(Oooh, in the red and blue)
Here come the Men in Red (Red and Blue)
You’re certain to remember

Yeah, yeah, yeah
The good guys dress in red, remember that,
Just in case we ever meet head-to-head and make contact.
We call ourselves the M.I.B.R.
And what we got means we got to go far.
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Oct
36

Taking stock of European players in the NBA, 2012-13

Koufos one of four Euronuggets

BallinEurope will be celebrating NBA Opening Day with lots of stuff centered on the big league; firstly, BiE takes stock of Continental ballers in the ‘States.

Taking a look at this year’s roundup, we note that 53 Europeans have been named to NBA clubs’ 15-man roster, just beating the pace of the 52 listed in 2010-11. (BiE didn’t take the tally for last season because, you know, things were kinda confusing during the lockout and all…)

And quite a few teams have seriously European-tinted rosters: Five teams go into the 2012-13 NBA season with four Continental players – and of these 20 players, perhaps only Sasha Pavlovic and Evan Fournier are marginalized at the lower end of the 15-man rosters. If one includes Ty Lawson as an honorary Lithuanian (for at least one more season), the Denver Nuggets could put an all-Euro squad on the floor with Lawson heading up an admittedly odd lineup of Fournier, Danilo Gallinari, Kosta Koufos and Timofey Mozgov.

The team-by-team breakdown goes as follows.

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Sep
8

Romanov hit with key Žalgiris question: “Will Plaza be sacked as quickly as Zouros?”

Tick, tick, tick…

Over at Russia-based Sport Express is a lengthy interview with Žalgiris Kaunas basketball/Heart of Midlothian football club owner Vladimir Romanov. Popularly Sometimes known as “Mad Vlad,” the Ūkio Bankas man weighed in on quite a few topics related to his basketball team, including the Sonny Weems departure, the state of Russian basketball and just what the heck happened with Ilias Zouros last season.

An English-language extrapolation of the interview follows. As of this writing, Liga Endesa-imported coach Joan Plaza still holds his position with Žalgiris, but Romanov’s evasive answer to the question of Plaza’s short-term future aren’t exactly enthusiasm-generating…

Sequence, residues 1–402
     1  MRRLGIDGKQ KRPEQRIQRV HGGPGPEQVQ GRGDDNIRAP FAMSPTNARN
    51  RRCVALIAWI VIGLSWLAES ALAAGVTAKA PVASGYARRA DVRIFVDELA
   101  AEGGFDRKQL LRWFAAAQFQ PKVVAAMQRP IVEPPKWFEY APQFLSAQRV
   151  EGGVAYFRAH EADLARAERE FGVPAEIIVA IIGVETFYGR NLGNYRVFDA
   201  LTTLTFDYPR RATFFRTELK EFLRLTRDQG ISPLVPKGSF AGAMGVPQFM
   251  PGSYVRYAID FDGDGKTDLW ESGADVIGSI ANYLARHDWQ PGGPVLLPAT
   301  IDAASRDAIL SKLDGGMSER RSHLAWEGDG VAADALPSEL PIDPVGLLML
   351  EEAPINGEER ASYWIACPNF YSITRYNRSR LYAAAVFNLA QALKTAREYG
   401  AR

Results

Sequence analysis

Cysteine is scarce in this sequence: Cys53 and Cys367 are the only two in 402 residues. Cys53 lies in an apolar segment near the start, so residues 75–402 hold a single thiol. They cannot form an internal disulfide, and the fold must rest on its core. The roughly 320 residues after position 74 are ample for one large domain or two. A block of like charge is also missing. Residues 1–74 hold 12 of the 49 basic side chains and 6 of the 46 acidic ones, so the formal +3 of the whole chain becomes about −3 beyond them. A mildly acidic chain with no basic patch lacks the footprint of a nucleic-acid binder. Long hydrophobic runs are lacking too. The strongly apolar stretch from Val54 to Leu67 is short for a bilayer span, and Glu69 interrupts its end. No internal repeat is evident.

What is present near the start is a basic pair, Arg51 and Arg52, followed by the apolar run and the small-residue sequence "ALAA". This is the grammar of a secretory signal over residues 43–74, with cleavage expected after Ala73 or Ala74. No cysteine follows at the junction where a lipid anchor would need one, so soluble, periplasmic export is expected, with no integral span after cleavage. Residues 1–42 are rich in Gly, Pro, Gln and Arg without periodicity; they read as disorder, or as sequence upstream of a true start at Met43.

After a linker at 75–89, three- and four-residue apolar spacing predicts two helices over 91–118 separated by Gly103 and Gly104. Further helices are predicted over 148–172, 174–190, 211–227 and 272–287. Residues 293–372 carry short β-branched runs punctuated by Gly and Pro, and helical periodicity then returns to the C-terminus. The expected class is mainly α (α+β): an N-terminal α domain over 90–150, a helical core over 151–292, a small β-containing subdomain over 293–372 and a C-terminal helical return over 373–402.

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Sep
1

Kirilenko, Mozgov, Marciulionis headline all-star team at Basketball Without Borders Russia

For the first time ever, the NBA/FIBA collaboration known as Basketball Without Borders heads to Russia. This month, some 50 European youth basketball players will get schooled – that is to say, be educated by – quite the roster of international talent.

Headling the program are Team Russia’s own Andrei Kirilenko, Alexey Shved (Minnesota Timberwolves) and Timofey Mozgov (Denver Nuggets); this troika will be joined by the likes of retired legends Sarunas Marciulionis and Alexander Volkov as well as Americans Danny Green (San Antonio Spurs, briefly of Union Olimpija), MarShon Brooks (Brooklyn Nets) and Brian Cardinal (Dallas Mavericks). Not too shabby a roster there, particularly if you could time-travel Marciulionis and Volkov back a couple of decades.

And … Continue Reading…

Aug
2

BC Khimki appeals for return of Vitaly Fridzon’s stolen bronze medal

In the days of the Cold War, a certain type of story would inevitably circulate in American newspapers after the Olympic Games were over; you made have heard it more recently about, say, North Korean athletes. The claim was always that, due to poor performance in such-and-such an Olympics, the sportsmen and –women in question were coldly stripped of certain priveleges, often getting their state-granted cars repossessed along with eviction notices from luxury (relatively) apartments.

Well, it seems in the 21st-century capitalist world, Russian basketballers who finish with the bronze medal have a different obstacle to face.